The South African Economic History Annual, a new publication by the Economic History Society of Southern Africa, was published today. The Annual brings together news of recent and upcoming events, ideas and research by scholars across several disciplines (and hopefully this will expand in future), and one or two personal accounts and interviews.

2012 was a great year for economic history research in Africa. The World Economic History Congress was held in Africa for the first time and, as Sophia du Plessis writes, shifted the focus to African economic histories neglected for too long. New data sources are being unearthed and digitised, more South African universities are offering undergraduate or graduate programmes in economic history, and several South African students are enrolled in economic history programmes abroad.

As Africa’s future prospects brighten, so does the interest in African economic history.

But, as regular readers of this blog would know, economic history is not only about things that happened in the past. Development is a process – a non-linear, staccato process of trial and error – that fits the mercury-in-the hand cliché very well: as soon as we seem to be closer to describing it, understanding it, explaining it, the development process inevitably changes, affected by time, terrain and technology. It is constantly changing, and although our past affects our present (and there are several reasons to understand this), our present will in all likelihood affect our future in very different ways. Which is all the more reason why economic historians can ill afford to cosily hide in ivory towers, sneaking out for a quick trip to the archives. Or to only travel from comfy conference to conference, presenting our work to (predominantly) Western scholars with the (exclusive) aim of publishing in the top journals. (Not that it’s a bad thing to publish in those journals, given the increasingly important tenure and/or ratings incentives.)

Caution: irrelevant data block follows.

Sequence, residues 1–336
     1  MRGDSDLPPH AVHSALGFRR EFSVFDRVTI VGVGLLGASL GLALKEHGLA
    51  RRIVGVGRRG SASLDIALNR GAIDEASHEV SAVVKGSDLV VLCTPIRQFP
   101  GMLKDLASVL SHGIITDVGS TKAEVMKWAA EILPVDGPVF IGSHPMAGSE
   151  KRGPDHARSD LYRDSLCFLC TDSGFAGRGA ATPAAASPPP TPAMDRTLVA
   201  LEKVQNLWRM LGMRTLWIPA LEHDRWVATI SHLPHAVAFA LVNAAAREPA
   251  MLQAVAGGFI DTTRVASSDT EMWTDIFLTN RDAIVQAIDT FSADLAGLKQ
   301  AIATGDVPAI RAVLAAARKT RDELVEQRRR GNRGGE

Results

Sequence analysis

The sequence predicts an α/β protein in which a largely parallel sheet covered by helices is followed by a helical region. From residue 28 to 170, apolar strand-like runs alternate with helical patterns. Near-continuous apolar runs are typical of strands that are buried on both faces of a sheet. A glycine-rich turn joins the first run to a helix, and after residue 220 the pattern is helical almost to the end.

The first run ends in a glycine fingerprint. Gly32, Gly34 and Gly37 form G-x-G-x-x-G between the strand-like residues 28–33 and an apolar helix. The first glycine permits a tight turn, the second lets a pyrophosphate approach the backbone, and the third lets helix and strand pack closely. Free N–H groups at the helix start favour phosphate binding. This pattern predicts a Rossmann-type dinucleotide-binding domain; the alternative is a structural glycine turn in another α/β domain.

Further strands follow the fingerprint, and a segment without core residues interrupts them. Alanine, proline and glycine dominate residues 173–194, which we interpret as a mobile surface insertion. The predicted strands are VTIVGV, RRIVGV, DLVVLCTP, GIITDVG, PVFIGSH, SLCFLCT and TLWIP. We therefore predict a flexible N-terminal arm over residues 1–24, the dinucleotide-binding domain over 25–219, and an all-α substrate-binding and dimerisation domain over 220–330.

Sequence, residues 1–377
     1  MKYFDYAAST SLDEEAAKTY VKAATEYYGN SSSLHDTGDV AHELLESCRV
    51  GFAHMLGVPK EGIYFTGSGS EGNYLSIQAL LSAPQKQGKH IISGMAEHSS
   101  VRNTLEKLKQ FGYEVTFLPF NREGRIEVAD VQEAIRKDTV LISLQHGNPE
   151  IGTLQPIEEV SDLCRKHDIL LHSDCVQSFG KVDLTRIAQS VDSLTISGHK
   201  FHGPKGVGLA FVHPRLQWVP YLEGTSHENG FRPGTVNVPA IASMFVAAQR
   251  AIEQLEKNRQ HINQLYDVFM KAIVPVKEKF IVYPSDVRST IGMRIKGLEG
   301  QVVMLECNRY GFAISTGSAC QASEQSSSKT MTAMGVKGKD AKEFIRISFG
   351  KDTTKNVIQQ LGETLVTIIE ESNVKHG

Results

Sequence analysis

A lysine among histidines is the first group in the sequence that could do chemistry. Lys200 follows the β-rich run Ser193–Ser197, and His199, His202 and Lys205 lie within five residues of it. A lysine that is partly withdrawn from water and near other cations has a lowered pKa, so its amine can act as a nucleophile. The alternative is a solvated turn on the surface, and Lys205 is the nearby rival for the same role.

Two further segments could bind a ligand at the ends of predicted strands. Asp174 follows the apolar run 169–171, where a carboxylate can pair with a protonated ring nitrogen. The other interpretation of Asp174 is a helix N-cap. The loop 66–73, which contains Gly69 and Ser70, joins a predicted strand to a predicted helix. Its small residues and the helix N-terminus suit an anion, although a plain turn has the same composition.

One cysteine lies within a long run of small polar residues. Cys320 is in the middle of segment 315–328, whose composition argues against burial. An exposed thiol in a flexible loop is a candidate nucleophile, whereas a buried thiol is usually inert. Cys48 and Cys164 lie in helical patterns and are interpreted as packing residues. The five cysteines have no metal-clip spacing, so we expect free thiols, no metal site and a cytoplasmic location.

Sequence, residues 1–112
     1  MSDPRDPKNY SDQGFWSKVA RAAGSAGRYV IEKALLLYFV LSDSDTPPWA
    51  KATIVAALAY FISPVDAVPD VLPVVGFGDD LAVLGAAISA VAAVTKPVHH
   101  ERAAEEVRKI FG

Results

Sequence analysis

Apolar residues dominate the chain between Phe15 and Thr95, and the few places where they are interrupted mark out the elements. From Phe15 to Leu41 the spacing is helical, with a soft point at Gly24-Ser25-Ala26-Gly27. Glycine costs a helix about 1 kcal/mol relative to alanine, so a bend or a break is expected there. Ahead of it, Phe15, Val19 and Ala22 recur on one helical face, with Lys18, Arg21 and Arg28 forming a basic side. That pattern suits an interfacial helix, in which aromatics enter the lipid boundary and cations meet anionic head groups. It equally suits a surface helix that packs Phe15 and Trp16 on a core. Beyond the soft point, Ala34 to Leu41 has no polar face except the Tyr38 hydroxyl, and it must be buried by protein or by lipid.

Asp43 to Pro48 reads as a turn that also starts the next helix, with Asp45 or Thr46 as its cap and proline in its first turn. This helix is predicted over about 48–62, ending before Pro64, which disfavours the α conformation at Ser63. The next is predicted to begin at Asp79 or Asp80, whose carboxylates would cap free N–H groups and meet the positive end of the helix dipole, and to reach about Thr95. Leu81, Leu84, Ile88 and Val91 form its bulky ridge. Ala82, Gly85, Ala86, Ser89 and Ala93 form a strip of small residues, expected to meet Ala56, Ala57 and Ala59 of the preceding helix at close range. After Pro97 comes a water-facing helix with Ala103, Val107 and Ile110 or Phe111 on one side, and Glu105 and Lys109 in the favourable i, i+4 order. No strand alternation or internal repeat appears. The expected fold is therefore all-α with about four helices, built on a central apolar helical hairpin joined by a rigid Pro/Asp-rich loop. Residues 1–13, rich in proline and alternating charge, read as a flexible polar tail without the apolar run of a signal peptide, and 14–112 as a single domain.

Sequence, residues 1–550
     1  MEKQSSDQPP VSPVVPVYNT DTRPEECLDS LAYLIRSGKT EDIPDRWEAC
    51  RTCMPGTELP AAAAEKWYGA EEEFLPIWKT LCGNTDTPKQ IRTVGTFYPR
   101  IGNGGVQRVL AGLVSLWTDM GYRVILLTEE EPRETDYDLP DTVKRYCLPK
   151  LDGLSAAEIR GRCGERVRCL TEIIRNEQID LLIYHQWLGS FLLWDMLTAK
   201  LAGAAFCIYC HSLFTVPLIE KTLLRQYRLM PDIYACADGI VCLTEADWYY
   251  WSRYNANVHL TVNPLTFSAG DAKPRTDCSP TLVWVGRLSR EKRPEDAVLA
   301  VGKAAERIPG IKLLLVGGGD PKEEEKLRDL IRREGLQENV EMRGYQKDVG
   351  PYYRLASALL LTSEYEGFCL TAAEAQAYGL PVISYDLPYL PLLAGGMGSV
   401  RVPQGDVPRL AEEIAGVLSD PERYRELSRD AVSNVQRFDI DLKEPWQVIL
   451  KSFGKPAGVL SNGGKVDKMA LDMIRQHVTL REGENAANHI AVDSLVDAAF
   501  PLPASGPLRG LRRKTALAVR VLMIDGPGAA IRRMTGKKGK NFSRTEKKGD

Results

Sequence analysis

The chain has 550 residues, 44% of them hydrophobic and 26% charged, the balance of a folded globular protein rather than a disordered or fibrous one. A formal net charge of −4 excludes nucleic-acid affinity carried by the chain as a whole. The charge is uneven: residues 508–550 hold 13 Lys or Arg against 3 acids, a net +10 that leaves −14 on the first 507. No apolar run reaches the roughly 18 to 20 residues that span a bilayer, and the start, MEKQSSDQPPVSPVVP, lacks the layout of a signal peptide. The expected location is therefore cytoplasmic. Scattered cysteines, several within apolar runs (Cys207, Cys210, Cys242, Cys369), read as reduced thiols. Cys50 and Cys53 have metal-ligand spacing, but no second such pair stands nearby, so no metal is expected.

But Felix Meier zu Selhausan’s fascinating account of his experience at Mountains of the Moon University in Western Uganda is a reminder that economic history – in addition to its research and teaching component – should also be experienced. Felix has spent the last two years at MMU, a seven year old university funded by the local community, teaching various undergraduate courses and, over a few beers in Stellenbosch a while ago, he explained to me how he has seen the difference tertiary education has made. Not measured, not surveyed, not deduced from national census data. Seen. Isn’t that more gratifying than any journal publication? Incidentally, by physically being there, Felix also stumbled upon some very unique datasets that will help his own research – and begin to shed new light on Uganda’s colonial (and, potentially, pre-colonial) period.

Not everyone has two years to spend in the Pearl of Africa. But perhaps we – and I’m actually referring here mostly to economists like myself – should make an effort to engage more with the communities we investigate. I suspect the learning curve will be much steeper, and more rewarding.

PS: The Mountains of the Moon University would appreciate support, in whatever format. Books, exchanges, funding. Send Felix a mail if you have any ideas.